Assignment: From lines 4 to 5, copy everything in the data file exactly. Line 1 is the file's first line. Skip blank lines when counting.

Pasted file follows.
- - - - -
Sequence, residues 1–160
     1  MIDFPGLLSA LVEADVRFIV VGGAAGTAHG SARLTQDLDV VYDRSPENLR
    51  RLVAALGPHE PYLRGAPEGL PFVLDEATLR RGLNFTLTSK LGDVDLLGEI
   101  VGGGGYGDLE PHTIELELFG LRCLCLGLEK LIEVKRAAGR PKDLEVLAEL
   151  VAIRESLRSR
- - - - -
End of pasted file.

   101  VGGGGYGDLE PHTIELELFG LRCLCLGLEK LIEVKRAAGR PKDLEVLAEL
   151  VAIRESLRSR